But as that grant expires, the 21st CCLC grant gets underway. The CCLC grant will provide funding for staff for this year’s summer school up to sixth grade at three sites and at one site for freshmen through senior class levels. Funding for extended day and after-school programs also will be provided at the same sites in the fall of 2010 and the spring of 2011. The grant also funds $60,000 worth of transportation costs.
In conjunction with the $2.34 million Project 2014 laptop initiative, the board approved the purchase of approximately 284 Lenovo ThinkPad laptops for all incoming freshmen at South Central and Corydon Central high schools. The number could change depending on enrollment.
The total price of $211,580 ‘ paid for with riverboat money, which is not eligible to be used to offset any General Fund shortfall ‘ includes a four-year warranty in which the corporation can send in broken laptops which the laptop company will fix or replace. The computers do not have CD or DVD drives; they do contain Windows 7, two gigabytes of RAM memory, a 160 gig hard drive, are wireless capable and have a six-cell lithiumion battery. The display screen size is 11.6 inches.
In another matter, the board accepted by a 6-1 margin (Uesseler voted against) a plan presented by CCHS industrial technology teacher Ben Spencer to initiate Project Lead the Way (PLTW), which prepares students to be productive leaders in science, technology, engineering and math (STEM).
The PLTW program is a nonprofit group that partners with middle schools and high schools to provide a rigorous STEM education in an alternative setting.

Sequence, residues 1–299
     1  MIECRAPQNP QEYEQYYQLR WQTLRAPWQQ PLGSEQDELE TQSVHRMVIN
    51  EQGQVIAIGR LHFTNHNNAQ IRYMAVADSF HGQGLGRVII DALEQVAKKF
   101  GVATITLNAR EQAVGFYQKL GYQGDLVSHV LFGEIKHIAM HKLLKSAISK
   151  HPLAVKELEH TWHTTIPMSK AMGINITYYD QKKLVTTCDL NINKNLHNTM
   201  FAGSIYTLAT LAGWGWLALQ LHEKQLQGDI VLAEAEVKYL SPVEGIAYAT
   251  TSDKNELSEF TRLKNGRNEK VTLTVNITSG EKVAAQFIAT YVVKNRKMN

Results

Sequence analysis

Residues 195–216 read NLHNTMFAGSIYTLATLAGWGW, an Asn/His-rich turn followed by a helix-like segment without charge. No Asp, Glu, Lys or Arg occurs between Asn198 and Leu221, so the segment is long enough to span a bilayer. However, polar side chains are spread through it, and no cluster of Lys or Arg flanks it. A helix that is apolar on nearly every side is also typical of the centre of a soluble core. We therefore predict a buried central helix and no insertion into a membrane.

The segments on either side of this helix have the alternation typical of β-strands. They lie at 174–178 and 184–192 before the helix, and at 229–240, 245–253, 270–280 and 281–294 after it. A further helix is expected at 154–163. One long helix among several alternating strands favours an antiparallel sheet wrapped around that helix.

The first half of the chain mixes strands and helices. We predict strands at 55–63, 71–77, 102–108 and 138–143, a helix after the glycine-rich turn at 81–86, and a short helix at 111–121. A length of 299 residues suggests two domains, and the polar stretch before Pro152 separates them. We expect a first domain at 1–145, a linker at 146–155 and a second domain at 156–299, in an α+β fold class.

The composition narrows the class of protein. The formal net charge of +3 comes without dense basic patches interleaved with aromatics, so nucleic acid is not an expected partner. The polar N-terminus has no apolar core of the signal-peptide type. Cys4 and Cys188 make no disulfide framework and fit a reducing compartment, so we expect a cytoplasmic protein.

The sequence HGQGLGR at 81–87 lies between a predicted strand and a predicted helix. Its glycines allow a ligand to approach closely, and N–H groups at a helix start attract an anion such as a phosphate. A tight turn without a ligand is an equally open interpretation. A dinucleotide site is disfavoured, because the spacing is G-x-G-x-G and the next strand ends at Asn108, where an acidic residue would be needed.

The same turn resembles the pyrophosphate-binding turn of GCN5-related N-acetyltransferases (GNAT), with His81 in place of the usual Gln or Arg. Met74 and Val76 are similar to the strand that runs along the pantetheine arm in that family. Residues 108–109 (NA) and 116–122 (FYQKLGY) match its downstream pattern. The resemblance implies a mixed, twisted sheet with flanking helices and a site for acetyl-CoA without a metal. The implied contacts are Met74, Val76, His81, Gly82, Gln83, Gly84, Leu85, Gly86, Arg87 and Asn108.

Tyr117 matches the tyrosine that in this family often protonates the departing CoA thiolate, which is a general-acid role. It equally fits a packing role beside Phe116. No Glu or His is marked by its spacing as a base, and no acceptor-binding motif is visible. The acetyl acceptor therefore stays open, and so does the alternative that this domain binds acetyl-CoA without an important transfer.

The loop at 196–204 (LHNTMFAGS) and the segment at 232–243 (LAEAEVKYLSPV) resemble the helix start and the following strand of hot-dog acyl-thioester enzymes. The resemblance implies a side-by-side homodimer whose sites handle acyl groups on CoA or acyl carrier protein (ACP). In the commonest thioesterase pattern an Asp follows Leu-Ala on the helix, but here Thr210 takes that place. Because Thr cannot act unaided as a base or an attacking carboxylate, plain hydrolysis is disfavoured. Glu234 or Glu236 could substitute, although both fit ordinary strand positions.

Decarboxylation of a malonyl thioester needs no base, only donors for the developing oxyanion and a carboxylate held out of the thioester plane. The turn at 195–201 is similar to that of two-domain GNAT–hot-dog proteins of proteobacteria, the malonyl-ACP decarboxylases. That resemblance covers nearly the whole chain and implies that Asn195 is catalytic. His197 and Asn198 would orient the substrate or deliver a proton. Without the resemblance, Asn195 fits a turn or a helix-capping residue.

‘Traditionally, valedictorians don’t see me in wood shop,’ Spencer said. ‘That’s just the way it’s always been.’
Spencer said, among other things, Project Lead the Way has a focus on engineering and other areas not typical or traditional for shop class. There are some minimal requirements in regard to technology to initiate the STEM program.
Uesseler said she hadn’t done as much research as she would have liked but believed it would cost the corporation anywhere from $350,000 to $500,000 to operate.
Hauswald said many of the starting points for the program were already in place, and, with the introduction of laptops next year, the cost would be closer to a total of $350.
‘I’ll be watching that cost closely,’ Uesseler said.
Several personnel changes were made. They were, by building:
Harrison County Exceptional Learners Cooperative ‘ Accepted hiring of homebound instructors Jan Anderson and Macia John and instructional assistant Michelle Reynolds;
Corydon Cental High School ‘ Accepted termination of secretary Michelle Rogers, leave of absence of teachers Valerie Neece and Kate Fleace, resignation of varsity cheerleading coach Elizabeth Tuell and her hiring as junior varsity cheerleading coach, resignation of girls assistant track coach Mike Wilburn and his request to serve as girls volunteer track coach, and approved Joe Merk for volunteer boys assistant golf coach;
Corydon Central Junior High ‘ Accepted resignation of custodian Jim Hamilton and athletic director Kent Karnes, and approved Michael Wiseman as volunteer golf coach;
Corydon Elementary School ‘ Accepted resignation of instructional assistants Denise Carlisle and Sara Jo Faith;
South Central High School ‘ Accepted boys assistant baseball volunteer coach Stephen Nicholas Gehlbach.